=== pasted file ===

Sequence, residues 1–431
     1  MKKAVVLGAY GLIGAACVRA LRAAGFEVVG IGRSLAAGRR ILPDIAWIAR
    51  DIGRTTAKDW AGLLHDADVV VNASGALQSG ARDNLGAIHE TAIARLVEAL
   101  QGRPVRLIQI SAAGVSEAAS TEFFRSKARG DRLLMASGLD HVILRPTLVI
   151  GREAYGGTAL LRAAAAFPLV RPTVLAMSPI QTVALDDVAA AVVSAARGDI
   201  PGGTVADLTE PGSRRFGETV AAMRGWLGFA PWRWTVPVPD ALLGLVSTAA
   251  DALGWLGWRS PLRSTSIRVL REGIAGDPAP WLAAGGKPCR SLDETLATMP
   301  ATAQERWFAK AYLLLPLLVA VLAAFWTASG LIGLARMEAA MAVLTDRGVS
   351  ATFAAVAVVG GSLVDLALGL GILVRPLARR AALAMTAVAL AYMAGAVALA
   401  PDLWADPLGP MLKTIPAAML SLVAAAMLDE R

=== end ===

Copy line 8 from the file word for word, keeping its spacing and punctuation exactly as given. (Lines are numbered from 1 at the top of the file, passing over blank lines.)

   301  ATAQERWFAK AYLLLPLLVA VLAAFWTASG LIGLARMEAA MAVLTDRGVS